Because of her iron mien and machinelike swing, 21-year-old Se Ri Pak appeared to be the one wunderkind of '98 who was built to last. Yet at the end of a year in which she won four tournaments, including two majors, Pak is in free fall.
David Leadbetter's resignation last week as Pak's coach is only the latest example of how things have gone terribly wrong for the South Korean sensation. For four months Pak has played poorly, practiced infrequently and abandoned her fitness regimen while remaining chained to a frenzied schedule that has left her exhausted. Once bubbly, she's now uncommunicative and withdrawn, her appealing smile switching off the moment the spotlight is removed. At her mostly empty home in Orlando, her best friend is a beagle puppy she felt compelled to name Happy.
It's not uncommon for golf to eat its young, but Pak's play this summer gave no indication that she would be devoured in the autumn. Her apparent zest for the game was such that she once played in six tournaments in a row and practiced with such fervor that Leadbetter's most frequent advice to her was to slow down. All the while she exhibited a mental toughness that seemed grounded in serenity.
But Pak had been shaped in extreme ways. When she was 16, her father, Joon Chul, dealt with Se Ri's fear of cemeteries by making her stay overnight in one. When Pak said tearfully, after winning the U.S. Open, that this was the first time she had ever cried, we couldn't help but wonder if her upbringing had been oppressive.
Now Pak is rebelling. Her actions are not yet a cry for help as loud as those of Jennifer Capriati's or Todd Marinovich's, but clearly Pak is under too much pressure. She is being squeezed by Samsung, the South Korean corporation that pays her $3 million a year and surrounds her with a claustrophobic phalanx of managers; a South Korean media desperate to balance months of depressing economic news; and her father, a driven man who says he developed an uncompromising hardness during his years in the Korean underworld.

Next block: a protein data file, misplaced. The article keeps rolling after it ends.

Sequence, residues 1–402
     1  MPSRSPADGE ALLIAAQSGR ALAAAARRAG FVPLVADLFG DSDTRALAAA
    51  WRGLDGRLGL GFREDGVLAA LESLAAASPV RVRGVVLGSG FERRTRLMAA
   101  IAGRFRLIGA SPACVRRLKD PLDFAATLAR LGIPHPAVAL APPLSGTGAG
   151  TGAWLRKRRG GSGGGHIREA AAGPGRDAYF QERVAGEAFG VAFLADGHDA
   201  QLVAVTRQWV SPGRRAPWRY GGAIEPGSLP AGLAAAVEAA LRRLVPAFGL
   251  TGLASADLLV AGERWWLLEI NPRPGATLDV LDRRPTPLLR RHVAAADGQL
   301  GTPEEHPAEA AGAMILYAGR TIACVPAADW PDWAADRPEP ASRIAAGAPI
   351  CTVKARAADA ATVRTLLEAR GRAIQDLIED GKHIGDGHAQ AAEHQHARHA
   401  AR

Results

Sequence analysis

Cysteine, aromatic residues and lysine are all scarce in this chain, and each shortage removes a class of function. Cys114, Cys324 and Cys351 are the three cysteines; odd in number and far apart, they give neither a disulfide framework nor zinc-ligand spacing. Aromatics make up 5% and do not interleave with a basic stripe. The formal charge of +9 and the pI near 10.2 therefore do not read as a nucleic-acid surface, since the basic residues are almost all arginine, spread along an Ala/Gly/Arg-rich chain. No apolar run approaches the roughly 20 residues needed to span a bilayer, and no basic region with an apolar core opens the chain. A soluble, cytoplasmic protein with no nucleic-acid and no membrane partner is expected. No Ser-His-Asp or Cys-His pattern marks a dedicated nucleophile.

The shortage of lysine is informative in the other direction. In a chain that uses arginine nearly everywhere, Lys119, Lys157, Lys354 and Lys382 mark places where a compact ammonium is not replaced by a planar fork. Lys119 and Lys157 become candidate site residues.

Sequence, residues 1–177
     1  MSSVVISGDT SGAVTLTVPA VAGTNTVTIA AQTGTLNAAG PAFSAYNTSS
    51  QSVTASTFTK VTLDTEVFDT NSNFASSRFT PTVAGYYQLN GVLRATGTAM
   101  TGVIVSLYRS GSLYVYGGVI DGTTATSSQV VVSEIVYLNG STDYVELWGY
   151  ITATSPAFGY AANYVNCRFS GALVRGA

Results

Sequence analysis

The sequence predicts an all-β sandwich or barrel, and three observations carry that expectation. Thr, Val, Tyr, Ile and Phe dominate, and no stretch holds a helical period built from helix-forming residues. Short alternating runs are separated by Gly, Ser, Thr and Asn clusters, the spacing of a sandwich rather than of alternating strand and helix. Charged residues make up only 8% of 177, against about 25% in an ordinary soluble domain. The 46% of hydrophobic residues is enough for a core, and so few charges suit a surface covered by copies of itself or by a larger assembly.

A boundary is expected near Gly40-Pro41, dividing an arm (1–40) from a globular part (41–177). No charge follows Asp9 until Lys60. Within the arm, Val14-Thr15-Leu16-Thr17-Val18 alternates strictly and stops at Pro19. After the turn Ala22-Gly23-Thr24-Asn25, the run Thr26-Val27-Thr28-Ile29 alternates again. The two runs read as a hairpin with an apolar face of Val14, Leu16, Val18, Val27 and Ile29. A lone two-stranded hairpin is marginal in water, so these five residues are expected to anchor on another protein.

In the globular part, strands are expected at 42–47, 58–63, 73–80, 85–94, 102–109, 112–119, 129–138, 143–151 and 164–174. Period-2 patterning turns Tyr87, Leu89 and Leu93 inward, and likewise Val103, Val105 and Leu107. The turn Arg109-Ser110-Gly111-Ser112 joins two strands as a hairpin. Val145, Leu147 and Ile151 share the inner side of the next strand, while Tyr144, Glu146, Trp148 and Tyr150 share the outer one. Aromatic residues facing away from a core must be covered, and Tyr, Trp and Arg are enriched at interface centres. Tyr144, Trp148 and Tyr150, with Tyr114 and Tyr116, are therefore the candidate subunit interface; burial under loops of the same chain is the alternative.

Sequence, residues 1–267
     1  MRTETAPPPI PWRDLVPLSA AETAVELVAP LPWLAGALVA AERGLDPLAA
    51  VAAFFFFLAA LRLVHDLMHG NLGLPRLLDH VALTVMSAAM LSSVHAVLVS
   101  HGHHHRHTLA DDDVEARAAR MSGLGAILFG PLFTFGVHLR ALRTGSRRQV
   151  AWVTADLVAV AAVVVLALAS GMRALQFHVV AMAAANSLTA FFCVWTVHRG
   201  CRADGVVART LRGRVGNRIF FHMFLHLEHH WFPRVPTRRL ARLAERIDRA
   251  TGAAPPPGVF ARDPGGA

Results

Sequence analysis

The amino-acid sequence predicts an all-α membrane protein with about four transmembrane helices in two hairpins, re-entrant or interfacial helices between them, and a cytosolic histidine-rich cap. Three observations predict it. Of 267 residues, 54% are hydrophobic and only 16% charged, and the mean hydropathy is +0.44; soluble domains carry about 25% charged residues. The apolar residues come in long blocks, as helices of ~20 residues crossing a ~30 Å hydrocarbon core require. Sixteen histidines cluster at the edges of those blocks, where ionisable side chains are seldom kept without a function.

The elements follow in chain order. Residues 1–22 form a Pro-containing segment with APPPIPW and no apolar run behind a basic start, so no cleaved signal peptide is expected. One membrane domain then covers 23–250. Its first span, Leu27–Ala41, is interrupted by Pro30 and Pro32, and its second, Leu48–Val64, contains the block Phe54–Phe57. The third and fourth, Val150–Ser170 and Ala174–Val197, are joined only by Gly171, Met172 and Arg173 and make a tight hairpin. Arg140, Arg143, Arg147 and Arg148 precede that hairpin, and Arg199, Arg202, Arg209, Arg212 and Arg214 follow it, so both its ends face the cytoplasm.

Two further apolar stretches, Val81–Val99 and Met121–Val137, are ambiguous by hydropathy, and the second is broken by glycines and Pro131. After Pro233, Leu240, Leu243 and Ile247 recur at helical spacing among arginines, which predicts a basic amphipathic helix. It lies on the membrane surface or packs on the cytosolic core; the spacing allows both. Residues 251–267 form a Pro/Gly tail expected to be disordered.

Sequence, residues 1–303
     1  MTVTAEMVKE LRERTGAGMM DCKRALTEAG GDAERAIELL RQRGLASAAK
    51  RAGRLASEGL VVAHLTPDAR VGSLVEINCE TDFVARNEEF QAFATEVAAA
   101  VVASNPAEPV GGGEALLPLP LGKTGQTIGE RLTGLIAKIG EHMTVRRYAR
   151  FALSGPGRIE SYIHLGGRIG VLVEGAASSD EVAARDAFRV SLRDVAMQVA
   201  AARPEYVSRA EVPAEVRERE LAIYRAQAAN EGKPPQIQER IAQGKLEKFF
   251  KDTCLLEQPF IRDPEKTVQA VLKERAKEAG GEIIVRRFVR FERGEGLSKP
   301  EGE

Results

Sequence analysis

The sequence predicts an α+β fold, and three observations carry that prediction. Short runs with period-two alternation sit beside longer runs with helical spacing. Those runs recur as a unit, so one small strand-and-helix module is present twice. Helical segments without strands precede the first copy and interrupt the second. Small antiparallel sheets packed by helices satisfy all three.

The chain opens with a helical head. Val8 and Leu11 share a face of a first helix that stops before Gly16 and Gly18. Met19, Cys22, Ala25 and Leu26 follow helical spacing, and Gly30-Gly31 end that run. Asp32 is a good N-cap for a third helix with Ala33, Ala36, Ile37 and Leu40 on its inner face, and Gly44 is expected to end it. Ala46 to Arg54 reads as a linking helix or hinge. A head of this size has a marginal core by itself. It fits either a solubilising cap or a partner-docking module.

Pak's Samsung managers, who travel with her in the U.S., report her activities to their corporate superiors and to her family, which reportedly angers Se Ri. When Pak succumbed to a viral infection during her much-ballyhooed return home in October, an LPGA official was shocked to learn that the biggest concern among the Samsung minions who filled her hospital room was whether she would be able to play the next day.
Pak's response has been to shut down and test boundaries. According to Leadbetter, she seemed uninterested during recent practice sessions and ignored his advice to work out. (Leadbetter says Pak is 15 pounds heavier than she was at the beginning of the year.) At last month's LPGA Tour Championship in Las Vegas, she took a lesson from Butch Harmon, leading to speculation that she was about to dump Leadbetter. She also reportedly began dating.
Pak wants out of the shackles that are retarding her move into adulthood and taking the joy out of golf. Both of her heroes, Nancy Lopez and Tiger Woods, were fortunate during the early phases of their careers to have nurturing parents who allowed them to live their own lives. Pak can learn from Woods. Since turning pro, he has made most of his own off-the-course calls—from blowing off President Clinton's invitation to attend Jackie Robinson festivities at Shea Stadium to firing his agent and asking his father not to accompany him to certain tournaments. Woods has made some mistakes, but despite the demands of his fame he continues to enjoy his career.
"Se Ri is being pulled in so many directions and is so unhappy that she's doing some irrational things," says Lead-better. "I worry about her. When we spoke on the phone, the last thing I told her was, 'Get some rest, clear your head, and get your life in order, dear girl.' "
It won't be easy, and Pak is searching for guidance. At the recent LPGA awards luncheon in New York City, she eagerly asked, "Where's Nancy?" Told that Lopez wouldn't be attending, Pak's response was a soft "Oh."